Quantum differential calculus

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In quantum geometry or noncommutative geometry a quantum differential calculus or noncommutative differential structure on an algebra [math]\displaystyle{ A }[/math] over a field [math]\displaystyle{ k }[/math] means the specification of a space of differential forms over the algebra. The algebra [math]\displaystyle{ A }[/math] here is regarded as a coordinate ring but it is important that it may be noncommutative and hence not an actual algebra of coordinate functions on any actual space, so this represents a point of view replacing the specification of a differentiable structure for an actual space. In ordinary differential geometry one can multiply differential 1-forms by functions from the left and from the right, and there exists an exterior derivative. Correspondingly, a first order quantum differential calculus means at least the following:

  1. An [math]\displaystyle{ A }[/math]-[math]\displaystyle{ A }[/math]-bimodule [math]\displaystyle{ \Omega^1 }[/math] over [math]\displaystyle{ A }[/math], i.e. one can multiply elements of [math]\displaystyle{ \Omega^1 }[/math] by elements of [math]\displaystyle{ A }[/math] in an associative way: [math]\displaystyle{ a(\omega b)=(a\omega)b,\ \forall a,b\in A,\ \omega\in\Omega^1 . }[/math]
  2. A linear map [math]\displaystyle{ {\rm d}:A\to\Omega^1 }[/math] obeying the Leibniz rule [math]\displaystyle{ {\rm d}(ab)=a({\rm d}b) + ({\rm d}a)b,\ \forall a,b\in A }[/math]
  3. [math]\displaystyle{ \Omega^1=\{a({\rm d}b)\ |\ a,b\in A\} }[/math]
  4. (optional connectedness condition) [math]\displaystyle{ \ker\ {\rm d}=k1 }[/math]

The last condition is not always imposed but holds in ordinary geometry when the manifold is connected. It says that the only functions killed by [math]\displaystyle{ {\rm d} }[/math] are constant functions.

An exterior algebra or differential graded algebra structure over [math]\displaystyle{ A }[/math] means a compatible extension of [math]\displaystyle{ \Omega^1 }[/math] to include analogues of higher order differential forms

[math]\displaystyle{ \Omega=\oplus_n\Omega^n,\ {\rm d}:\Omega^n\to\Omega^{n+1} }[/math]

obeying a graded-Leibniz rule with respect to an associative product on [math]\displaystyle{ \Omega }[/math] and obeying [math]\displaystyle{ {\rm d}^2=0 }[/math]. Here [math]\displaystyle{ \Omega^0=A }[/math] and it is usually required that [math]\displaystyle{ \Omega }[/math] is generated by [math]\displaystyle{ A,\Omega^1 }[/math]. The product of differential forms is called the exterior or wedge product and often denoted [math]\displaystyle{ \wedge }[/math]. The noncommutative or quantum de Rham cohomology is defined as the cohomology of this complex.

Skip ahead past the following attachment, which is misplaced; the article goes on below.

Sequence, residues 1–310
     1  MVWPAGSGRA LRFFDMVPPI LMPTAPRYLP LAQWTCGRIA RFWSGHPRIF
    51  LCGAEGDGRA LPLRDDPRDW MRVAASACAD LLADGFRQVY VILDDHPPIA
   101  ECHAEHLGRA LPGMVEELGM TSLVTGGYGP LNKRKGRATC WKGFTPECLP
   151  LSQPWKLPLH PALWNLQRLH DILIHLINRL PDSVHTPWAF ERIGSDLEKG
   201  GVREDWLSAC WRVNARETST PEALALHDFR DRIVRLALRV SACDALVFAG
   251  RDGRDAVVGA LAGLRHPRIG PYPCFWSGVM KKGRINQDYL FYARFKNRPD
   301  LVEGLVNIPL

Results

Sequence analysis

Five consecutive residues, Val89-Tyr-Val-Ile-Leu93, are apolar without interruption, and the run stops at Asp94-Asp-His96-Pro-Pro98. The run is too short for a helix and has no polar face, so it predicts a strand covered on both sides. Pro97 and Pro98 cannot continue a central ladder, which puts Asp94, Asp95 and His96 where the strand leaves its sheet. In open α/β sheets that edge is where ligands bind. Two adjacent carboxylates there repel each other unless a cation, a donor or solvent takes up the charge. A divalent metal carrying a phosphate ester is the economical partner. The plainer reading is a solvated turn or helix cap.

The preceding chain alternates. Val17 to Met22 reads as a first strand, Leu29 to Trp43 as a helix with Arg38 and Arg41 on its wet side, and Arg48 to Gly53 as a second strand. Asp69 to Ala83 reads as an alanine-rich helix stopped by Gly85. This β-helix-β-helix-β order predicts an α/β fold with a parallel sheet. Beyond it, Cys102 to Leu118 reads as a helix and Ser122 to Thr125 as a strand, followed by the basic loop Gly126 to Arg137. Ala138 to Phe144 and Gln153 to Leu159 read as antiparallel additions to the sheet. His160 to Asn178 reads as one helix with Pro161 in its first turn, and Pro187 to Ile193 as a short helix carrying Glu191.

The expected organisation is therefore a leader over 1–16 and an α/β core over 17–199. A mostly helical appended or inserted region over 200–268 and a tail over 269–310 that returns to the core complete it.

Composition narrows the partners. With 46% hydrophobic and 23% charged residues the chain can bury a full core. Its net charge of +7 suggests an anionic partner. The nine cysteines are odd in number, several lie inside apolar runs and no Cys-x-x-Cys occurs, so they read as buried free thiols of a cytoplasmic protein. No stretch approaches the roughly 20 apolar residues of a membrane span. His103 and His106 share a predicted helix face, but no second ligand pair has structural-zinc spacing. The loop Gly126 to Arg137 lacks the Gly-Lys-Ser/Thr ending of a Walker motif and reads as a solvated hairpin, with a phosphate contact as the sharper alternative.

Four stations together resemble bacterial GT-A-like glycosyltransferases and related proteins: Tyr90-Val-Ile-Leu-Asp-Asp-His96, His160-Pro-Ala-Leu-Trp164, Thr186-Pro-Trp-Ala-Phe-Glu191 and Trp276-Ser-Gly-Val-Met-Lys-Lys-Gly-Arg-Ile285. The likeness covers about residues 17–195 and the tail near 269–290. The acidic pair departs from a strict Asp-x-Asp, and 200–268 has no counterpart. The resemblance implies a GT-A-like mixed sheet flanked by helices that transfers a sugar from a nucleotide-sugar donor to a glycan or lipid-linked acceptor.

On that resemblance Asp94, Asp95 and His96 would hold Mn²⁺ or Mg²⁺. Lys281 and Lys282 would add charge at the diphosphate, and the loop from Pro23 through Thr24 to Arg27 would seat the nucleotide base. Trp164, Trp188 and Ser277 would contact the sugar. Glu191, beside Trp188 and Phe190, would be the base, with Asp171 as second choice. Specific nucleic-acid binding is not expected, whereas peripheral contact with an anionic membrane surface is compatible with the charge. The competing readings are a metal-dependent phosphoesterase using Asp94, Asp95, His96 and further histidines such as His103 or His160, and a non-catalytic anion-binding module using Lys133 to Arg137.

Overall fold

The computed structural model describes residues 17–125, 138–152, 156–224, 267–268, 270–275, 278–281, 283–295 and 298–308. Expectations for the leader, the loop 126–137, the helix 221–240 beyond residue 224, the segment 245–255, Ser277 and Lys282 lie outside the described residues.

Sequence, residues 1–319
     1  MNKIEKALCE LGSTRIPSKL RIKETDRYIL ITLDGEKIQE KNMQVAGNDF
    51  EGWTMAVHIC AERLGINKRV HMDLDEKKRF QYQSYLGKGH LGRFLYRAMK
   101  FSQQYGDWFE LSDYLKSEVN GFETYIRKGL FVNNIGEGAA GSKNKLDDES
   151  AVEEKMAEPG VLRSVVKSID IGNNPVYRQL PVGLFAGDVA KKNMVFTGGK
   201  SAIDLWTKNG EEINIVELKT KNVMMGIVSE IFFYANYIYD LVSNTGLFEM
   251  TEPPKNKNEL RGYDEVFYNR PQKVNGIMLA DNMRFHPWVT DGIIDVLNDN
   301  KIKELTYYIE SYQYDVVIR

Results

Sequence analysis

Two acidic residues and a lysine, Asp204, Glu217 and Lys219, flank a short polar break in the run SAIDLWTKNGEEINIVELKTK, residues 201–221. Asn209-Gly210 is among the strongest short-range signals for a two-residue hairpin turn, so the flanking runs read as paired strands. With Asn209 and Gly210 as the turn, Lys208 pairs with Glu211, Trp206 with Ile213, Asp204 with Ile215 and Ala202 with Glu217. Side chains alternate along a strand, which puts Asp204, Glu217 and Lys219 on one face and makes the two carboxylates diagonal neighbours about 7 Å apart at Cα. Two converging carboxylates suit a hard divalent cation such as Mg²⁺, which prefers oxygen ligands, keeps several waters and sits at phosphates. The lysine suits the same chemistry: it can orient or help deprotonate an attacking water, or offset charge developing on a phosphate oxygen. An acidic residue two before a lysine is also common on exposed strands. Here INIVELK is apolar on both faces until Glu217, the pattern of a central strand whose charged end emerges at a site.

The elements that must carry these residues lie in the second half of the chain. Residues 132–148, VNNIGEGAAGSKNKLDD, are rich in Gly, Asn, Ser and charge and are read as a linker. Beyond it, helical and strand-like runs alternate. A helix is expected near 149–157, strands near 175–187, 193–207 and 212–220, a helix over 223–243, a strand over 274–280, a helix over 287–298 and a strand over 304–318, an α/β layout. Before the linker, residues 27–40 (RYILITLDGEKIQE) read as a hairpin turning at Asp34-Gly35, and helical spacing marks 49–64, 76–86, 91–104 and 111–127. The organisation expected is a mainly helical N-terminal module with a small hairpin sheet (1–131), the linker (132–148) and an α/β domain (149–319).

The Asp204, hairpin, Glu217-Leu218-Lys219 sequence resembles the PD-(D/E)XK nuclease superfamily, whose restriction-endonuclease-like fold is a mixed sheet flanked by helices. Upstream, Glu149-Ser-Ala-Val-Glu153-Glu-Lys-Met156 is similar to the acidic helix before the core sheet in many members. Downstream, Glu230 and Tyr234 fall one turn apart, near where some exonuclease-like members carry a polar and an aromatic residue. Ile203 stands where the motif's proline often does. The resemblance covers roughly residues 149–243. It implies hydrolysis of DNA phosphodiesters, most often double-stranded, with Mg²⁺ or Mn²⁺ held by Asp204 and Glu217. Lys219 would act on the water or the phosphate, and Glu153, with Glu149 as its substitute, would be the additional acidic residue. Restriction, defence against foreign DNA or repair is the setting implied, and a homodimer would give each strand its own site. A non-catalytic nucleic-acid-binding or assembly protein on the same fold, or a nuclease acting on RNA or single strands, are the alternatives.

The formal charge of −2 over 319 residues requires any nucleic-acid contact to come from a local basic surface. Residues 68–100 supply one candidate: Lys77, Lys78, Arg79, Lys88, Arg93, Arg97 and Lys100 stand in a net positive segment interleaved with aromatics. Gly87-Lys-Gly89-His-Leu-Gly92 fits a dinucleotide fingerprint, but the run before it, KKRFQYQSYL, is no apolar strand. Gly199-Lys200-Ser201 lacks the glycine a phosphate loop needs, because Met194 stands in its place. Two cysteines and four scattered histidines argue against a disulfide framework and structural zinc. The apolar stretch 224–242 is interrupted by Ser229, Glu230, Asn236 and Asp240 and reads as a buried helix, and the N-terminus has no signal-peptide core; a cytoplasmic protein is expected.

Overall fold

A higher order differential calculus can mean an exterior algebra, or it can mean the partial specification of one, up to some highest degree, and with products that would result in a degree beyond the highest being unspecified.

The above definition lies at the crossroads of two approaches to noncommutative geometry. In the Connes approach a more fundamental object is a replacement for the Dirac operator in the form of a spectral triple, and an exterior algebra can be constructed from this data. In the quantum groups approach to noncommutative geometry one starts with the algebra and a choice of first order calculus but constrained by covariance under a quantum group symmetry.


The above definition is minimal and gives something more general than classical differential calculus even when the algebra [math]\displaystyle{ A }[/math] is commutative or functions on an actual space. This is because we do not demand that

[math]\displaystyle{ a({\rm d}b) = ({\rm d}b)a,\ \forall a,b\in A }[/math]

since this would imply that [math]\displaystyle{ {\rm d}(ab-ba)=0,\ \forall a,b\in A }[/math], which would violate axiom 4 when the algebra was noncommutative. As a byproduct, this enlarged definition includes finite difference calculi and quantum differential calculi on finite sets and finite groups (finite group Lie algebra theory).


  1. For [math]\displaystyle{ A={\mathbb C}[x] }[/math] the algebra of polynomials in one variable the translation-covariant quantum differential calculi are parametrized by [math]\displaystyle{ \lambda\in \mathbb C }[/math] and take the form [math]\displaystyle{ \Omega^1={\mathbb C}.{\rm d}x,\quad ({\rm d}x)f(x)=f(x+\lambda)({\rm d}x),\quad {\rm d}f={f(x+\lambda)-f(x)\over\lambda}{\rm d}x }[/math] This shows how finite differences arise naturally in quantum geometry. Only the limit [math]\displaystyle{ \lambda\to 0 }[/math] has functions commuting with 1-forms, which is the special case of high school differential calculus.
  2. For [math]\displaystyle{ A={\mathbb C}[t,t^{-1}] }[/math] the algebra of functions on an algebraic circle, the translation (i.e. circle-rotation)-covariant differential calculi are parametrized by [math]\displaystyle{ q\ne 0\in \mathbb C }[/math] and take the form [math]\displaystyle{ \Omega^1={\mathbb C}.{\rm d}t,\quad ({\rm d}t)f(t)=f(qt)({\rm d}t),\quad {\rm d}f={f(qt)-f(t)\over q(t-1)}\,{\rm dt} }[/math] This shows how [math]\displaystyle{ q }[/math]-differentials arise naturally in quantum geometry.
  3. For any algebra [math]\displaystyle{ A }[/math] one has a universal differential calculus defined by [math]\displaystyle{ \Omega^1=\ker(m:A\otimes A\to A),\quad {\rm d}a=1\otimes a-a\otimes 1,\quad\forall a\in A }[/math] where [math]\displaystyle{ m }[/math] is the algebra product. By axiom 3., any first order calculus is a quotient of this.

See also

Further reading